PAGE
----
A Superb Old Coolamon Bowl Central Australia 19th Century

A Superb Old Coolamon Bowl Central Australia 19th Century

This very fine beautiful old Coolamon is stone carved and is nearly perfect in every manner starting with the fine shape. The overall thickness of the bowl tapers slightly to the edges, the bottom of the bowl is convex as if it was made to sit gently in one’s hands or lap, and both sides of the bowl are finely incised with the same fluted designs. The whole bowl has a deep rich old patina from decades of daily use and traces of red ochre applied many times over long periods.

Coolamons were traditionally used by Aboriginal women to carry water, fruit, and nuts, as well as to cradle babies. Coolamons were often carried on the head when traveling any distance, or under the arm if used as a cradle. If carried on the head, a ring pad was placed on the head, made out of possum and or human hair string. This helped to cushion and support the carriage of the coolamon.  The Pintupi of the Western Desert would attach a double strand of plaited rope made of hair or plant fibre to sling the coolamon over their shoulders. They also wore smaller coolamons as hats, with twine around the chin.

Coolamons were used for winnowing grains in the traditional bread-making process, as well as a general heating and cooking vessel. They could even be used as an umbrellas.

Coolamons were generally made by men. They are usually made from a hardwood such as mallee.  A piece of the outer bark of the tree is removed and then molded over the fire to give it its distinctive curved sides. Deep ridges were made using a quartz stone knife. It needed to stand for several days, with a stick of wood holding it open to prevent it from losing its shape

Coolamons were often ornately decorated on their exterior with various designs. They were also used in ceremonies, such as for aromatic smoking, which was believed to have purifying effects.

They were rubbed regularly with fat, such as emu fat to keep the wood in good condition.

Provenance: The Tood Barlin Collection of Aboriginal & New Guinea Oceanic Arts

See my new EXHIBITIONS GALLERY  showing the Museums and Art Galleries Exhibitions that I provided artworks for over the past 40 years. There is the link to the article about my artworks published in the prestigious Louvre Magazine in 1996

I have artwork for Museums and art Galleries but also for collectors at every stage of their collecting. I want to encourage people to explore the fine art of New Guinea & West Papua and the Pacific Islands and to be able to see and touch the artworks in a relaxed and friendly manner in my Sydney Gallery. I would like to invite you to visit my gallery and see the artworks in person and also look at my website www.oceanicartsaustralia.com where there are many Galleries & Sub Galleries to explore.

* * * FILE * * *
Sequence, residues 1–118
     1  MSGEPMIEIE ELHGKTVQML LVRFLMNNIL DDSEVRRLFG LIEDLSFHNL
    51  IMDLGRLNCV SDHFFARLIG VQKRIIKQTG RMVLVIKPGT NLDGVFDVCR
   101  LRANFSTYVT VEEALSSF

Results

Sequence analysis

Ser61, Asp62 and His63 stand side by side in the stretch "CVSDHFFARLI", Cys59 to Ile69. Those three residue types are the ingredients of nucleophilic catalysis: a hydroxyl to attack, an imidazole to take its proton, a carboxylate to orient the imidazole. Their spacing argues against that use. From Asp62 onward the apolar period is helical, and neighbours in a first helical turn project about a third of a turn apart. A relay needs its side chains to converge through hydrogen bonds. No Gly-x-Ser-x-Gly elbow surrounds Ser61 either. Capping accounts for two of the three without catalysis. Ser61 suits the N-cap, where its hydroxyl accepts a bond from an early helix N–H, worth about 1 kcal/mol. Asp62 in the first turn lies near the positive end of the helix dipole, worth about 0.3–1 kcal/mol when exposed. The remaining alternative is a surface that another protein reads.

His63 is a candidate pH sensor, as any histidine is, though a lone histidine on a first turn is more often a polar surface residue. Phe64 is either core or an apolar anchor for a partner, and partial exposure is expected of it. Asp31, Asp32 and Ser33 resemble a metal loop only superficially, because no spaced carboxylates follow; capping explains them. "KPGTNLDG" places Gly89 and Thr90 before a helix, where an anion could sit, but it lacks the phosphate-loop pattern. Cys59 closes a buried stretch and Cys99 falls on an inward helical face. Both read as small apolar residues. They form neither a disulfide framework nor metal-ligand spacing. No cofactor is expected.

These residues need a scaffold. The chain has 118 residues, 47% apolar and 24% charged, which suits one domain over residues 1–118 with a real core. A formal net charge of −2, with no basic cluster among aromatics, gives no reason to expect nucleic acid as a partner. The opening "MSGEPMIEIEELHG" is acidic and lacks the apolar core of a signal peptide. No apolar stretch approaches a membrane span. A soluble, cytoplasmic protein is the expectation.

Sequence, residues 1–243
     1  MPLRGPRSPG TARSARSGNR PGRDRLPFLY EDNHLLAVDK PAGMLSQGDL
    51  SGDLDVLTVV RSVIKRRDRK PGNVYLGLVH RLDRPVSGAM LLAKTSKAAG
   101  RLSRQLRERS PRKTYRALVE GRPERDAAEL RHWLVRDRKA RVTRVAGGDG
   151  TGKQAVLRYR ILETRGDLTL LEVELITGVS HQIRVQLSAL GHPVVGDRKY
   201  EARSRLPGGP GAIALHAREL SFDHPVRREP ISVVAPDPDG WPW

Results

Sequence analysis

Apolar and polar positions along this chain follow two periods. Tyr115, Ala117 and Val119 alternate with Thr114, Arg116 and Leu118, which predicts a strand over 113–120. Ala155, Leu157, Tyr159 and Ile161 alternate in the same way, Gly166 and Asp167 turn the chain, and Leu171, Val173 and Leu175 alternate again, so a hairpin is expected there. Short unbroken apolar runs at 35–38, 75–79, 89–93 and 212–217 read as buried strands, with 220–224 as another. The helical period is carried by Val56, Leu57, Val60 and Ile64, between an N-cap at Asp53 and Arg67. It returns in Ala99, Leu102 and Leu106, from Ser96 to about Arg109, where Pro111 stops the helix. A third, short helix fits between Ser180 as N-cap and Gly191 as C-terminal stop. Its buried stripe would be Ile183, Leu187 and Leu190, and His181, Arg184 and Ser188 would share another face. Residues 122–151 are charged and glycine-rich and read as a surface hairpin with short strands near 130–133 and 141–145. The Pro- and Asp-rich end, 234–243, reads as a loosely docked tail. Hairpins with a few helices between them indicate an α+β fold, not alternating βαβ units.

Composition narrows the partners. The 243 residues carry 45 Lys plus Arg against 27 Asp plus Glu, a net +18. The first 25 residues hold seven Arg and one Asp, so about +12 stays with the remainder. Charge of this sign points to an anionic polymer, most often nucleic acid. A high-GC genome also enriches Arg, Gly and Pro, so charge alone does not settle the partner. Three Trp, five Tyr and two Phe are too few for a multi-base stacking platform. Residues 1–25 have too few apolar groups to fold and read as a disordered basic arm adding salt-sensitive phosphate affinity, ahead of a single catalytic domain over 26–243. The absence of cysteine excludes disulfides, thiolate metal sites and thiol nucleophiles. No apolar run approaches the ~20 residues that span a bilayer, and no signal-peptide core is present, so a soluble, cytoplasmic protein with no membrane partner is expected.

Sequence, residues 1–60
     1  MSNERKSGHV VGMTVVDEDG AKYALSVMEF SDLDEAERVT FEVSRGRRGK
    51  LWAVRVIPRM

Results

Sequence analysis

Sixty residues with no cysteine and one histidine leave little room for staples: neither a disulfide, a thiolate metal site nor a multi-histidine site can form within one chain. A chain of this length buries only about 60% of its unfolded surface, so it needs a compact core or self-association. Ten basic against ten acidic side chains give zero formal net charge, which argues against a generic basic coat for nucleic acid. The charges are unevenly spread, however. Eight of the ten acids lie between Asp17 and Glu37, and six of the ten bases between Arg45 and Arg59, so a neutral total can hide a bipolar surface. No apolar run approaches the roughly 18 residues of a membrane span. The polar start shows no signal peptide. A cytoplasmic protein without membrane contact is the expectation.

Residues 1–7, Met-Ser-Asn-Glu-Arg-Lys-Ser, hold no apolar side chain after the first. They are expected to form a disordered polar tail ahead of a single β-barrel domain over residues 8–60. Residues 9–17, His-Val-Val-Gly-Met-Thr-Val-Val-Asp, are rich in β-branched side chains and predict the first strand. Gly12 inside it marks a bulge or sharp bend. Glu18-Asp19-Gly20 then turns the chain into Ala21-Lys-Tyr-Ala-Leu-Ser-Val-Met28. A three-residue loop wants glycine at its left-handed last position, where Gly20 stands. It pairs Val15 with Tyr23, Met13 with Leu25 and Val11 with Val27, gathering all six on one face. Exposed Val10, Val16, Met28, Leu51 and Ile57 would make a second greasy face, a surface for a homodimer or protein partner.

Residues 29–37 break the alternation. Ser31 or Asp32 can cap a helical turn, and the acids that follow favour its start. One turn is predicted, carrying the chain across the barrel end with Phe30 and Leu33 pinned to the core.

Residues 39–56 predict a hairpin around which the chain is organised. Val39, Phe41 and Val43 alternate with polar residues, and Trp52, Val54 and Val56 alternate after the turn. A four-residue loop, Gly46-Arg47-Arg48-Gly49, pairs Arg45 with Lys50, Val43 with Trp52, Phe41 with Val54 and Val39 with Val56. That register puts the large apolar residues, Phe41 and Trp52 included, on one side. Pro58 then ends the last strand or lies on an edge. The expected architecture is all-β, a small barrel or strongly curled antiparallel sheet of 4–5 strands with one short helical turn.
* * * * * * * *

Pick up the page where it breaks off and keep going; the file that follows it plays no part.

My Gallery of nearly 40 years is the last physical gallery in Sydney that specializes in New Guinea and Oceanic Art.  Sydney is very close to New Guinea & the Pacific Islands where all of these amazing artworks came from, Australia’s closest neighbors.

INQUIRE HERE

If you have a similar “object” for sale please contact me for the best price and honest advice by a Government approved valuer 

To see many more rare items and the finest masterpieces, please make an appointment with us to visit the gallery.

For all inquiries, please contact us 

 

A Fine Old Central Australia Aboriginal Shield 19th Century

A Fine Old Central Australia Aboriginal Shield 19th Century

This very fine old example of Central Australia Shield is made of Beanwood and is coarsely covered with red ochre and fat. There is continuous incised fluting on both sides with a deep-cut lug handle on the back.

The front of the shield is cut with deep grooves used for fire-making. Shields were not only a defensive weapon but also used for ceremonies painted with ochre designs, the shield was also a multipurpose tool and used for making fires. The companion tool used for this was a hardwood spear-thrower that doubled up as a saw. The saw was rubbed back and forth in the grooves producing shavings, heat, and eventually, flame. Since Aboriginal hunters and warriors carried both shields and spear-throwers with them, they were able to make fire at all times.

Provenance: Bill Newcomen Snr (1927 to 2012)

Collected at Wave Hill Station Kimberly Area West Australia by Bill Newcomen in 1953.

He was good friends with Vincent Liniari who in August 1966, Vincent Lingiari, a Gurindji spokesman, led a walk-off of 200 Aboriginal stockmen, house servants, and their families from Wave Hill as a protest against the work and pay conditions.

The Todd Barlin Collection of Oceanic Art

See my new EXHIBITIONS GALLERY  showing the Museums and Art Galleries Exhibitions that I provided artworks for over the past 40 years. There is the link to the article about my artworks published in the prestigious Louvre Magazine in 1996